Worm resistance breeding must move to maternal lines

Sheep farmers wanting to take advantage of breeding for worm resistance and worm resilience should concentrate their efforts on the maternal breeds rather than the terminal sire breeds, according to independent sheep consultant Lesley Stubbings.

Importantly, resistance and resilience are different, she reminded deleagates. “Resistance occurs where sheep are able to limit parasite numbers, whereas resiliant sheep have the ability to perform well despite being challenged by high levels of infection.”

Speaking at last weekend’s Sheep Breeders Round Table, Stratford-upon-Avon, Ms Stubbings said the influence of terminal sires on their lambs ability to withstand internal parasite challenges was minimal because it took at least three months for either resilience or resistance to develop in lambs.

“This means commercial farmers need to be looking for replacement ewes with worm resistance or resilience. Ewes have a massive role to play in limiting the effect of worms on their lambs. Resistant or resiliant ewes can limit the number of worm eggs on pasture as they shed far fewer than non-resistant and non-resilient ewes.”

So, maternal line breeders, such as Blue Faced Leicester breeders have a massive role to play in developing the provision of replacements with resistance and resilience, she explained. “These breeders should begin recording for these traits in order to provide their customers with sheep which reduce the reliance on anthelmintics.”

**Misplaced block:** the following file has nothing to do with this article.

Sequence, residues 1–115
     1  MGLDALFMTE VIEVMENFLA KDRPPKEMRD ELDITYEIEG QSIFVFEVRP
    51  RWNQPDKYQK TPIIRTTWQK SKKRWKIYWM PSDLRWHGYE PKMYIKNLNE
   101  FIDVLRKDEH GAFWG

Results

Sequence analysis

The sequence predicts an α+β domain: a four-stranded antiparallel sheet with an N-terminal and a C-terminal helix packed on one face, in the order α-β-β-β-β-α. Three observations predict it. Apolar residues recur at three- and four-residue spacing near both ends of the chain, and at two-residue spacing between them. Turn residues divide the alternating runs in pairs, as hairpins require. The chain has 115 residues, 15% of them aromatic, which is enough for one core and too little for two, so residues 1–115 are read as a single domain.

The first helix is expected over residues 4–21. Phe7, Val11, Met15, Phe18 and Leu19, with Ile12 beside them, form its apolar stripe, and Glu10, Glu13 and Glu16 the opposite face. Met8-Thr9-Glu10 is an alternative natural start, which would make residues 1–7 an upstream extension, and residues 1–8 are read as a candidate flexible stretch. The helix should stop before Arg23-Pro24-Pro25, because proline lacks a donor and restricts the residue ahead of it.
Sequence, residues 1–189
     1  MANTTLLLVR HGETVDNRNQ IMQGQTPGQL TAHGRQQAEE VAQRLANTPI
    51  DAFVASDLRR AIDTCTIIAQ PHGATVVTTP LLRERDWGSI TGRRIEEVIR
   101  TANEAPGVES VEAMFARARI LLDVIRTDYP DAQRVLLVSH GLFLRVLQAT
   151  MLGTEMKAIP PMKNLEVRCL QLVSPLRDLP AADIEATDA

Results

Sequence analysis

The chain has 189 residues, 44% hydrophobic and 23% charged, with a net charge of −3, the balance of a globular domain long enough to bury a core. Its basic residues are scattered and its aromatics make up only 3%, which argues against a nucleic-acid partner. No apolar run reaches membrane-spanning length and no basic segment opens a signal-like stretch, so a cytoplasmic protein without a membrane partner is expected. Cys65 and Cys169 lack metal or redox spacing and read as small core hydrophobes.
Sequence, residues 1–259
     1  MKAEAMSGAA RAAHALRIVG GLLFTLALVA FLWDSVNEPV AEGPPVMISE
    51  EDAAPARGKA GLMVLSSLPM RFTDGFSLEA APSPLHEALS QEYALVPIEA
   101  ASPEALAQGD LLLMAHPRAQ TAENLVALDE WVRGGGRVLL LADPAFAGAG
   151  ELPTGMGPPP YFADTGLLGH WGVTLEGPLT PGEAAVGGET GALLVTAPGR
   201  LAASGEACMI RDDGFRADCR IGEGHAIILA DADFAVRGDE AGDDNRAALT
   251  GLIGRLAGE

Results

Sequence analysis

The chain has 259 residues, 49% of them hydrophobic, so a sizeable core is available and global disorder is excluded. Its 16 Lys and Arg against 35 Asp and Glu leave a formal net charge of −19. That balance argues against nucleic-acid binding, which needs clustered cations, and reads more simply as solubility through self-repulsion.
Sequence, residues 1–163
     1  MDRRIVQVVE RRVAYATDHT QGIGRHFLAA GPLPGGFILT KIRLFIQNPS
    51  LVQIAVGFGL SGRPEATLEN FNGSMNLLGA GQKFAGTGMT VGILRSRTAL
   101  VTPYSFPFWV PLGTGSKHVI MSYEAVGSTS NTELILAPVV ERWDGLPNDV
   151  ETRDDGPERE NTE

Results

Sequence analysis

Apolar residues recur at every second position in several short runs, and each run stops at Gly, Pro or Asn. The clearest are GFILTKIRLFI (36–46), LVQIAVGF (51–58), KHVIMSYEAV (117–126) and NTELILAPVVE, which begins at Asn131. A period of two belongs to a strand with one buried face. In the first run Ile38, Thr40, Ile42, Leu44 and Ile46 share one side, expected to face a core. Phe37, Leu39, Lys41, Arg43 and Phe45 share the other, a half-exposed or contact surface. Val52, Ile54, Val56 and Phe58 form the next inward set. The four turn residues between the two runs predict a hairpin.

Looking at more practical measures which sheep farmers could implement now to reduce the development of anthelmintic resistance Ms Stubbings said it was essential to remember that worm infections could reduce growth by as much as 50% before symptoms were visible. “And it is only once anthelmintics fail to kill 45% or more of worms that the drug failure will be noticed on farm.”

Where lambs have been grazing and been treated with anthelmintics older sheep, such as main flock ewes could be used to “reset” the worms on pasture, she said. “These sheep will dilute the population of worms on the pasture and hoover out a proportion of the worm population too, helping eliminate some of the anthelmintic resistant worms present.”

Looking further ahead Steve Bishop of the Roslin Institute said resistance was more achievable in the short-term, but resilience, was a longer-term goal.

“Resistant sheep are without doubt less affected by worms, but the immune response they use to up fighting worms means their are fewer nutrients available for animal growth. However, work conducted in Australia over the last 15 years has resulted in an 80% reduction in both faecal egg count and adult worms present in sheep selected for worm resistance by faecal egg count.”

However, selecting by faecal egg count is tedious and costly, he said. “Genetic markers are probably the better way forward. But it is highly possible that these will be breed-specific, so breeders need to ensure any marker developed works in their breed.”

Overall, Prof Bishop said both resistant and resiliant sheep offered some advantages and both would work for some period of time. “Worms appear to change slightly in both resistant and susceptible hosts, so there’s no evidence to suggest worms will adapt to overcome resistance or resilience, but they may do over time.”

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